No they can't win an election.
Granted, this turd column was penned in a rag, wherein the only way somebody stumbles upon this enlightened opinion, is if they can't find the baseball box scores, revealing cleavage, or part of puppy training. Real journalistic want aside, it just amazes me that people can be so dismissive, so absolute, when any objective measure clearly says, YES, the Liberals can win an election. We can all debate the odds, but only a fierce partisan would offer such unequivocal rejection.
The last detailed analysis of the current polling, which doesn't input the most recent results, a further narrowing, further Tory erosion shows a nail biter, by any measure:
National (9 Apr - 1 May, +/- 1.2%)
Conservative — 34.5% (120)
Liberal — 31.1% (115)
NDP — 15.7% (26)
Green — 9.1% (0)
Bloc — 8.5% (45)
Other — 1.0% (2)
Projected seat totals in brackets
Again, we can debate the conclusions, but nobody can dispute the fact that nobody has anything in the "bag", if an election were held now. The above is another empirical measure, something I put more stock in than the musings of some crank.
But, but, Dion is weak, Harper towers above him, this will be the difference. Crystal balls aside, it is just astounding to me, that Dion is already defeated, by a man who can't beat "none of the above" when people are asked who would make the best PM. Are we talking about Ronald Reagan here, or Stephen Harper, because it is really DELUSIONAL to look at this man, his inability to connect, his inability to make any inroads, his "spinning his wheels" routine, and conclude he is unbeatable. Dion's problems aside, Harper is hardly a dynasty, hardly a figure which strikes fear in Liberals everywhere. In many respects, relative to past leaders and their appeal, the guy is a political gift.
But, but, the Liberals are broke, the Conservatives will destroy them in an election campaign. Hello in there, hello. The Liberals will spend the MAXIMUM in a campaign, this has been articulated time after time. Yes, there are problems with fundraising, but you don't extrapolate that to a completely unfounded argument for the election, it will be a level playing field. I suppose you could make the argument about organization, fundraising is a reflection of motivated party workers, volunteers, and on that score, I would give the Conservatives the advantage (outside of Quebec, where evidence of the Con machine is still sketchy at best). An edge, but nothing that rises to any absolute conclusions.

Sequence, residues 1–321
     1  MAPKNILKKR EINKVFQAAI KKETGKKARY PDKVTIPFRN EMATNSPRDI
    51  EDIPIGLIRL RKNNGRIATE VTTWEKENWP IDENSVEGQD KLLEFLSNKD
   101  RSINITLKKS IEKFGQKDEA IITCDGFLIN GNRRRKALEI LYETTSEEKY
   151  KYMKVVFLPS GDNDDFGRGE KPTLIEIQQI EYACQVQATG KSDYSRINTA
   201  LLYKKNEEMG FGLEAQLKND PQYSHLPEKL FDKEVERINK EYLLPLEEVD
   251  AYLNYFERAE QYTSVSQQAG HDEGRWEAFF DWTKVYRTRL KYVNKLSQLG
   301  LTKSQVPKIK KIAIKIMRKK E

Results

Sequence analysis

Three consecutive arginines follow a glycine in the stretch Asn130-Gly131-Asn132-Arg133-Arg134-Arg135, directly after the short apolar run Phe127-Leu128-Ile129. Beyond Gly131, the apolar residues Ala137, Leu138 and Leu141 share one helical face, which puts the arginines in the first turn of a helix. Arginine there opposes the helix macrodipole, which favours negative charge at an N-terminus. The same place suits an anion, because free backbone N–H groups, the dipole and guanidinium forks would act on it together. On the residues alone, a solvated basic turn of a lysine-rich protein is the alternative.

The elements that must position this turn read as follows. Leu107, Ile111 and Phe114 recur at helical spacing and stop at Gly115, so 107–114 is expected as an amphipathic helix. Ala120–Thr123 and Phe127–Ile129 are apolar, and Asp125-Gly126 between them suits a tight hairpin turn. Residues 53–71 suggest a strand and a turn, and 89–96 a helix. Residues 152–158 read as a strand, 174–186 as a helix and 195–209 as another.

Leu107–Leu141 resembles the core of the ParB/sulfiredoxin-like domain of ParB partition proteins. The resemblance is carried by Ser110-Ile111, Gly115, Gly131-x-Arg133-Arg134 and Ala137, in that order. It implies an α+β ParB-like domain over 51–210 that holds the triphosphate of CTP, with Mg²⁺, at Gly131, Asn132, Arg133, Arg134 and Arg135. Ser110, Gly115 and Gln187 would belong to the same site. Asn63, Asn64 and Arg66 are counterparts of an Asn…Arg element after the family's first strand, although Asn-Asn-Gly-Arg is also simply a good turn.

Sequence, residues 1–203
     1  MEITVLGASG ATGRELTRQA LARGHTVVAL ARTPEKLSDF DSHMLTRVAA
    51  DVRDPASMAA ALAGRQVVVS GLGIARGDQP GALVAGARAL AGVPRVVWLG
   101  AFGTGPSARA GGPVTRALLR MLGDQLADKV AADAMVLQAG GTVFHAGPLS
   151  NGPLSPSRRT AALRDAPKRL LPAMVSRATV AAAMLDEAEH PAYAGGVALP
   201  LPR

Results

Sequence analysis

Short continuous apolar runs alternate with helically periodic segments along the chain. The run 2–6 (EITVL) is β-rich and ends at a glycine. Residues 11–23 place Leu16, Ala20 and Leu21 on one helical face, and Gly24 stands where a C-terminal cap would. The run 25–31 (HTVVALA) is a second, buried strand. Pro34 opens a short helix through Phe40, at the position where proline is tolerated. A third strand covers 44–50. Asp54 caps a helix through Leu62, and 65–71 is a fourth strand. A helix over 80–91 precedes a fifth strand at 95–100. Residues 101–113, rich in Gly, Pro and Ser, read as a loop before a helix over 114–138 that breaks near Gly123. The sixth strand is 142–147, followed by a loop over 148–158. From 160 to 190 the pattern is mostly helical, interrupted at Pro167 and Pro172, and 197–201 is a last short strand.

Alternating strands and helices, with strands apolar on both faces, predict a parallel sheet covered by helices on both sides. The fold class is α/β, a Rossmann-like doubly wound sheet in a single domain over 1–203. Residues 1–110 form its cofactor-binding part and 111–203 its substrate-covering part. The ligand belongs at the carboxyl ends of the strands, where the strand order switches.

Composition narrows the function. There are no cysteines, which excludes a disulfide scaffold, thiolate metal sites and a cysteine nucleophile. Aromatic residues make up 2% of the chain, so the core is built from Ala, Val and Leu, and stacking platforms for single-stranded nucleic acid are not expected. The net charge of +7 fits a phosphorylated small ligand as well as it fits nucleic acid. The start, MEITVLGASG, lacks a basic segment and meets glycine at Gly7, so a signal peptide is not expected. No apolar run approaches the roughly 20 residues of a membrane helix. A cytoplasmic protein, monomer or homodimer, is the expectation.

But, but, the "war room", the slick campaign, the master strategists, they will wipe the floor with the hapless Liberals. Just what exactly are you on, are you so arrogant and guilty of tunnel vision, that you forget who your opponents are? The Liberal Party of Canada, bereft of experienced and seasoned strategists, intellectually deficient, unable to run a campaign, a house full of novices with no clue about Canadian elections. Let's keep it real please. I would also add on that score, the "legend" of the great Conservative campaign of 2006, was primarily a case of right place at the right time, just stay out of the way, and sail the wind of change. Seems to me a real juggernaut would have won a convincing majority, under similar circumstance, rather than needing a convenient RCMP probe to instantly give 10 points in the polls. What I'm saying, both sides have their strategists, both sides have able men, who can run a campaign, to discount the Liberals on this score is simply nonsensical.
Would the Conservatives have the advantage if an election were held? You could offer a timid yes, all things considered. Does that translate to certain victory? Absolutely not, and for anyone to suggest it in those terms, is more an indication of their own DELUSIONAL bias, than any fair read of the terrain. Yes, the Liberals can win, and I say that with a critical eye.
Another one for the bird cage Michael.